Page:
New technology is very tempting, and it’s really important that schools avoid the magpie-effect, ie “ooh look, it’s shiny!”  Put the pedagogy first, give the teachers time, and the learning should follow. As with everything in education, ICT alone is no panacea.

• David Weston is a secondary school teacher and an education consultant at Informed Education. You can follow him on Twitter@informed_edu.

The free national CPD database

Are you a CPD provider with courses, consultancy or resources for teachers and schools in England? Then this message is for you!

GoodCPDGuide logo

Dear CPD provider,

The National CPD Database is shutting down on 31st March 2012.

GoodCPDGuide is a non-profit organisation running a new, free national CPD database for use by all providers and teachers. It was set up because we feel that the ability for teachers to find quality CPD is too important to lose. We want to continue the great work of the TDA while striving to improve and further develop this important public service.

We are, therefore, able to list all your CPD courses and services absolutely free. We ensure that teachers trust our services through strict quality assurance, including:

    • Community reviews where users rate courses on impact on professional practice,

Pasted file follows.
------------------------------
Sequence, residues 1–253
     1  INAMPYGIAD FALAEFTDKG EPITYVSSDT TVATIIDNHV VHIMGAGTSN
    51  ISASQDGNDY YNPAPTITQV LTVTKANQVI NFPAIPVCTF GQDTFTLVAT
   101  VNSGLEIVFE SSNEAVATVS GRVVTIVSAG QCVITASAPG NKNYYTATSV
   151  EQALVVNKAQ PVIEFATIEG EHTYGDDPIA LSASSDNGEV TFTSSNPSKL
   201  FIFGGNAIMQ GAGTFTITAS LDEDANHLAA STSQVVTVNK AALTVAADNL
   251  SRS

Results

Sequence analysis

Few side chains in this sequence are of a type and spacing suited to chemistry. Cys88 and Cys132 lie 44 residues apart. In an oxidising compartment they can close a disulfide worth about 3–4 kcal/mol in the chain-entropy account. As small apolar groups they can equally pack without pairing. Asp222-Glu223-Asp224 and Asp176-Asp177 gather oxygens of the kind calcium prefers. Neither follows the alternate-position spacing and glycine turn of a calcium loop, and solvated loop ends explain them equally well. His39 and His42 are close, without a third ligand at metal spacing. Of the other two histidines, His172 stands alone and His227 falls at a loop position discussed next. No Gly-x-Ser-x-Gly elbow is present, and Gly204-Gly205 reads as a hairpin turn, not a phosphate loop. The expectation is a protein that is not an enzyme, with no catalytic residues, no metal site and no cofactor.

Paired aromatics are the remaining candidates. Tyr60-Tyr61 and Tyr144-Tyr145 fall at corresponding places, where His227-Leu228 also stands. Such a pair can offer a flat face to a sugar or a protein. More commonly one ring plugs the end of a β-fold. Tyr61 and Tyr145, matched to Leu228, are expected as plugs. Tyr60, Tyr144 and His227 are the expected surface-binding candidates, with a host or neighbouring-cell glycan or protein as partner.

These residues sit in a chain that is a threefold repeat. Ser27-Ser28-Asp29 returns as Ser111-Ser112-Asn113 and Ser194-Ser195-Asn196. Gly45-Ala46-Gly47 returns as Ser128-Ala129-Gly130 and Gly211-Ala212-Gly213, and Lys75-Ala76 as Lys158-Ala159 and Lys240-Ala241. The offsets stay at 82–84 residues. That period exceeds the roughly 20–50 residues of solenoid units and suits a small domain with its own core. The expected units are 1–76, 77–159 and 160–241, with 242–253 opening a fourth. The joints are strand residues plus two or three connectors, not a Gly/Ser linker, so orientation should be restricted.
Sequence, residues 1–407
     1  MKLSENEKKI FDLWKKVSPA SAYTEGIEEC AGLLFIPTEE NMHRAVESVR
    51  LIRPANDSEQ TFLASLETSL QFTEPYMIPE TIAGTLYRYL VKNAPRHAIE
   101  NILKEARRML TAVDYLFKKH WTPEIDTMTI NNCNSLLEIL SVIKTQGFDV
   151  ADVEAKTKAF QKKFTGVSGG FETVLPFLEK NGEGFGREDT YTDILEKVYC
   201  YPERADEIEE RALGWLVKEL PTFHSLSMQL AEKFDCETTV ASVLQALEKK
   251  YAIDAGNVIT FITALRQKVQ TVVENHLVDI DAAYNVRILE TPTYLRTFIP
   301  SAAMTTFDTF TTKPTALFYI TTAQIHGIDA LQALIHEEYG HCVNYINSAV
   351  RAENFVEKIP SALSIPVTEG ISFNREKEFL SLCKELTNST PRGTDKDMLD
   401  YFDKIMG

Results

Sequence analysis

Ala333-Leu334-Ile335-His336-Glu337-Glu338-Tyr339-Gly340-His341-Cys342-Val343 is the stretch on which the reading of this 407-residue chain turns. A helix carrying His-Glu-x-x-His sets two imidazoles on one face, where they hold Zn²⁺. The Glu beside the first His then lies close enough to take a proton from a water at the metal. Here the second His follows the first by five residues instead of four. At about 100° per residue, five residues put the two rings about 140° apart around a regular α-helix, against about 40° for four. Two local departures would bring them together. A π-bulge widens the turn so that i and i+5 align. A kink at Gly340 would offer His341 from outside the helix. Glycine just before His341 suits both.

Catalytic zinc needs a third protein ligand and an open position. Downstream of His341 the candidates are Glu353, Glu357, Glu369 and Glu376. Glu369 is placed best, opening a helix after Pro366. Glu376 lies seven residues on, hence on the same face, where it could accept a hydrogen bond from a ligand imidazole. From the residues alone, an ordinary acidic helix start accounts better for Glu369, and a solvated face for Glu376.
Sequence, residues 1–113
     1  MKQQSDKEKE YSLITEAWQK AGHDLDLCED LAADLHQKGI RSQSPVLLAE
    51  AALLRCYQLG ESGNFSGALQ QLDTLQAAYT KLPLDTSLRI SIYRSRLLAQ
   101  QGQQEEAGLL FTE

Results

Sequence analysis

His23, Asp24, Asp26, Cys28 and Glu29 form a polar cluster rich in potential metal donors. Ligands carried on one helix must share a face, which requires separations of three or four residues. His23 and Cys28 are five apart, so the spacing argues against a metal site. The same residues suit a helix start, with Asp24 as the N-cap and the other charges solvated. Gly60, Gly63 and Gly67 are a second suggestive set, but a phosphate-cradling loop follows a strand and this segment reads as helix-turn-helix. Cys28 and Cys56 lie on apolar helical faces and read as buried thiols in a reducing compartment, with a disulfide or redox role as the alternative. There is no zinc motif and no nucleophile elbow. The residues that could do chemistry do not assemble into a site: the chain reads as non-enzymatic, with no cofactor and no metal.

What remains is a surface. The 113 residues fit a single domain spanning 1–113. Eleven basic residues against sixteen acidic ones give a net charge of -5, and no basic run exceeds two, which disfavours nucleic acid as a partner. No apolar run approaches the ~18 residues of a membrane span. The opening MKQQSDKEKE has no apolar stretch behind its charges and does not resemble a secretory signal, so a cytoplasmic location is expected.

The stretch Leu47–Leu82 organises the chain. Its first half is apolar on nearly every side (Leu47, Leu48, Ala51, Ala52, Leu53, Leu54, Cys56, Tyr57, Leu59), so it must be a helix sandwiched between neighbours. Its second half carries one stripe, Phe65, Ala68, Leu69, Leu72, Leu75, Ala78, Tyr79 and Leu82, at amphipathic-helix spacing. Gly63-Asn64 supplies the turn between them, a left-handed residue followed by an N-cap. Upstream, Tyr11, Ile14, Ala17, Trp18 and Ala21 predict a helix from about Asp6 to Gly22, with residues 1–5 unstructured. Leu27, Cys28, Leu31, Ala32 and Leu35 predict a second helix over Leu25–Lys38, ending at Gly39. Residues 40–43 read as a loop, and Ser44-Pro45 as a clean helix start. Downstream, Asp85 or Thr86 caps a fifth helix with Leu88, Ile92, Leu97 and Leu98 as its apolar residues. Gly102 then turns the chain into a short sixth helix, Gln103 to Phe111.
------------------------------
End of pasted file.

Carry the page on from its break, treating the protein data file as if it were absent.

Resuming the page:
• A strict code of conduct that ensures all providers commit to following best practice guidelines,
    • A GoodCPDGuide Quality Rating system giving certified ratings after inspection by CUREE.

Having launched at a National College event in Westminster two weeks ago, we already feature over 300 courses from big name providers including the Institute of Physics (IoP), National Association for the Teaching of English (NATE), the ASCL union’s MAPS CPD service, Creative Education Ltd. and the University of Hertfordshire as well as many smaller consultancies and training providers, with more appearing every day. Our service is available to every school and every teacher.

So why choose to list with GoodCPDGuide?

    • It is completely free. No registration costs, no annual fees, no referral fees or commission.
    • Teachers trust our site. We pride ourselves on leading the way with quality assurance.
    • We offer a bulk upload facility which uses exactly the same format as the TDA database, so there is no duplication of work.
    • Our review system is open and transparent and you can respond publicly to every review.

You can start listing today. Simply sign up for the site, click on “Become a Provider”, agree to abide by the terms and code of practice, and start entering your courses straight away. Alternatively if you have any questions you can contact me at david@GoodCPDGuide.com.

I look forward to seeing your courses listed on England’s new free national CPD database!

Kind regards,

David Weston
GoodCPDGuide Founder
Twitter: @GoodCPDGuide

What class are you?

Teachers love to raise aspirations of their students, to make them feel like they can achieve anything, and to show them all the opportunities that exist in the world.

A key aspect of this work is to combat stereotype threat. We encourage girls to engage in science and encourage boys to engage in dance. We take children whose parents didn’t go to university and send them on summer courses on campus, and we bring in high-achieving people with disabilities to our schools to talk to the students. In fact we carefully select role-models of all races, religions, cultures and backgrounds who have rejected stereotypes and achieved amazing things.